Next week, we will be launching our very own linky called Image of the Week. Each week we will be inviting you to come an link up and share your best image of that week. To help you along the way, one of our professional photographers will be giving you a handy tip to help you create a beautiful image. It can be taken with any camera or even your iphone. If you can, include the f stops, isos and shutter speed. To give you a taster, this week, Penny is giving a know how on focus. Enjoy, and we hope to see you at the linky next week!
Our word of the week is FOCUS!
Have you ever wondered how professional photographers have such sharp looking pictures and the background all blurry and out of focus?
Some of the effect is created with expensive kit, lenses and cameras that will allow this to be done, but it is something that anyone can do on a basic DSLR camera or a good point and shoot camera.
In technical terms this effect is called bokeh and is all about having a shallow depth of field which is achieved by having a wide aperture on your lens (ie the lens is as receptive to light as possible) and being close to your subject. This can work against you as sometimes if you take a person’s portrait too close with a very wide aperture you can have the tip of their nose in focus and their eyes are blurry, but unless you are using professional lenses it is unlikely this will happen. Lets not be technical!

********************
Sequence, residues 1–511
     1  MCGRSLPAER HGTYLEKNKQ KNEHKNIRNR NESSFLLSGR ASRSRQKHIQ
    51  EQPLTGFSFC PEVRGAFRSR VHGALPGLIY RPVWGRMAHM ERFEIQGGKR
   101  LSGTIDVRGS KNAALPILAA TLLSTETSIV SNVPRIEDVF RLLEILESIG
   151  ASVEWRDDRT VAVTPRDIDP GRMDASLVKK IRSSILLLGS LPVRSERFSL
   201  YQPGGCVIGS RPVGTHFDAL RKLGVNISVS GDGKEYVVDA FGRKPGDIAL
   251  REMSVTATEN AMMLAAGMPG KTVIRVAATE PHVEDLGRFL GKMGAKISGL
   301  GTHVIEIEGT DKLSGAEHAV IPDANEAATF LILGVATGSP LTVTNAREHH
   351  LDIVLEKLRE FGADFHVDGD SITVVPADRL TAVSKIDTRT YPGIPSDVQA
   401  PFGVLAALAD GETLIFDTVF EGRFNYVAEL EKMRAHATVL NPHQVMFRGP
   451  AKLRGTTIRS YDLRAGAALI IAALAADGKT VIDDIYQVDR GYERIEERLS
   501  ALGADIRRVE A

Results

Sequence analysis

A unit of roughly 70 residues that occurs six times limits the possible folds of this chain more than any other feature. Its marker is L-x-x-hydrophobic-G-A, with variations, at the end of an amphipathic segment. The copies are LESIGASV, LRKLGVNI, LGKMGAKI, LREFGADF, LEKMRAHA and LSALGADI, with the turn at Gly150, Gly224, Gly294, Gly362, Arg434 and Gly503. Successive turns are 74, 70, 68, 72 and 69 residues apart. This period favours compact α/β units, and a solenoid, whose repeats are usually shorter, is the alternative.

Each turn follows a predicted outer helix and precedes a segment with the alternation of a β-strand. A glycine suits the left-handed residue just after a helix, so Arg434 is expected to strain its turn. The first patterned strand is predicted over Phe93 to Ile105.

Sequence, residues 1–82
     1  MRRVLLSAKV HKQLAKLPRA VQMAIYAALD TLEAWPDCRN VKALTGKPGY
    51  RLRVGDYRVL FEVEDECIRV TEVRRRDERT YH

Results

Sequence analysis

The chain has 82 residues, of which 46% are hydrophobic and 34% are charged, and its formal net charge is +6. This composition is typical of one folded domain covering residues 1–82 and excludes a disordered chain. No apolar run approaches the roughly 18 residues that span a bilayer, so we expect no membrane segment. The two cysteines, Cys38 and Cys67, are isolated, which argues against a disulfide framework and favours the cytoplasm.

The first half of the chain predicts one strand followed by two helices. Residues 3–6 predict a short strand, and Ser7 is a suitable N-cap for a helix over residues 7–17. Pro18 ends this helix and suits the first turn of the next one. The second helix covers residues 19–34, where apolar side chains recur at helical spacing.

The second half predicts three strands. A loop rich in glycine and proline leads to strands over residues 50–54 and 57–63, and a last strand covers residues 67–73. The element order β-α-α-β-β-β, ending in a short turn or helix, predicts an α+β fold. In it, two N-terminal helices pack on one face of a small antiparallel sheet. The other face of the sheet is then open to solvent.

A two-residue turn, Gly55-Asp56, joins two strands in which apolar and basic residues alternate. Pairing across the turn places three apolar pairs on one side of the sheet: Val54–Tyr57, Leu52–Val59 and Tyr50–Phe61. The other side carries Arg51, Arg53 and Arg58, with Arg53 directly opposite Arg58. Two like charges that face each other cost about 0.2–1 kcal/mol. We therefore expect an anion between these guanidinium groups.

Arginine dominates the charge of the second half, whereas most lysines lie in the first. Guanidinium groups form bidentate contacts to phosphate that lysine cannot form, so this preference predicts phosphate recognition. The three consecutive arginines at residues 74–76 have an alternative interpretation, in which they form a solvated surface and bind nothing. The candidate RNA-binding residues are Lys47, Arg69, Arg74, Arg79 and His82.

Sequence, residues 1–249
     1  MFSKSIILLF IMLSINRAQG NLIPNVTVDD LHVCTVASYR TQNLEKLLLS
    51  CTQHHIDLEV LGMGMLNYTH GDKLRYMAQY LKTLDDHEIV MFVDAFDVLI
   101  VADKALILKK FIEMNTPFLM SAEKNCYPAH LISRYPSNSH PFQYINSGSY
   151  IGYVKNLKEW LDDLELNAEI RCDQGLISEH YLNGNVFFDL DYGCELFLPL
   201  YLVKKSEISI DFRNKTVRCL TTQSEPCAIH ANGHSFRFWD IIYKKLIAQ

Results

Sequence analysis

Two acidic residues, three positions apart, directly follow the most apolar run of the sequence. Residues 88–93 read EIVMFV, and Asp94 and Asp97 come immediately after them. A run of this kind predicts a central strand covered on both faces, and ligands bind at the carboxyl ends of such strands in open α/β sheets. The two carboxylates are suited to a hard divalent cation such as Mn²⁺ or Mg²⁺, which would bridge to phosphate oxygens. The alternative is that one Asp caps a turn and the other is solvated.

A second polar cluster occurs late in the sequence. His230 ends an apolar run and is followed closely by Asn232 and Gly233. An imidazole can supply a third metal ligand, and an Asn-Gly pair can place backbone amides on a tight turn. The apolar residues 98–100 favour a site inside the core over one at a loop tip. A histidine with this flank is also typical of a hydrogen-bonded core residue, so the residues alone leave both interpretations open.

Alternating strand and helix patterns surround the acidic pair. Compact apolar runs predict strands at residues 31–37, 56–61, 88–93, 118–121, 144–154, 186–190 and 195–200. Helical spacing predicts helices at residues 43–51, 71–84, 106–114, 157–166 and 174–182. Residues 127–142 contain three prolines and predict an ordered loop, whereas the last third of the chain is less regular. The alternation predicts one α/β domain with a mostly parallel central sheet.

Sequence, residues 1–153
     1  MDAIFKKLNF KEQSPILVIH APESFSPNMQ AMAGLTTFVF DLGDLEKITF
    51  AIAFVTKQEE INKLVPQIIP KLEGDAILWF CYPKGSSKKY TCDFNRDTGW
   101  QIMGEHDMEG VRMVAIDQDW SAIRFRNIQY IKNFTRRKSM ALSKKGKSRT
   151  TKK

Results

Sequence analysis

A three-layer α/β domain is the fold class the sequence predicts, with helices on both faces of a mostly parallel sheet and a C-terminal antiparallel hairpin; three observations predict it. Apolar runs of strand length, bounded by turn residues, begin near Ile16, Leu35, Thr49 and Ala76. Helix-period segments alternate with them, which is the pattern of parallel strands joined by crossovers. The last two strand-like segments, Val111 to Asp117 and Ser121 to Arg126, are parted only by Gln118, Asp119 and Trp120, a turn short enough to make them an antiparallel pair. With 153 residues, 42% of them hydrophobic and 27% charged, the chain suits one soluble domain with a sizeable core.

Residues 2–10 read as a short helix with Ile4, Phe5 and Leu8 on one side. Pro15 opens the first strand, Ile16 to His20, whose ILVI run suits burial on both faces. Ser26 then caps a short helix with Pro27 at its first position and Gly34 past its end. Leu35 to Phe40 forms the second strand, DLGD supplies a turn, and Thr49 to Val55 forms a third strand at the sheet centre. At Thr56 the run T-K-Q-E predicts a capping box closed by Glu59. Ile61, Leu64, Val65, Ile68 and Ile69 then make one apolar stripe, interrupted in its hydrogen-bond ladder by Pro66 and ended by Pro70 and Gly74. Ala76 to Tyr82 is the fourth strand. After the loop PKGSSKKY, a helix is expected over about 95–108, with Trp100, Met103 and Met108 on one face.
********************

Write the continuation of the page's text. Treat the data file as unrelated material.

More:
So, how should we go about getting a picture like this?
To start with make sure there is a some distance between the subject and the background. If your subject is leaning against a wall this won’t work so well.
If you have a DSLR camera (one with interchangeable lenses and no delay on the shutter when you take pictures) this is easy:
Switch your camera away from “Auto” onto the setting “A” or “AV”. Your camera will show a number that you can now change manually. It’s a low number, under 22, and the camera will set the shutter speed, usually a higher number, for you. Dial the A (aperture) number down as low as you can get it and then get as close as you can to focus on your subject. This picture of my cat was taken at an aperture of 4.5 and I was about 3m from him zoomed right in.
If this seems a little complicated then just use the macro setting (it looks like a little flower) and again, get in close.
If you have a point and shoot just choose the macro setting (the flower) and get close! The key is the getting close to your subject and make sure the background is as far away as possible.
Here are some more examples:
Here the robin is a long way from the hedge behind and the hedge and sky have blended into one to let the bird stand out.
Good luck and let us see what you capture using this technique!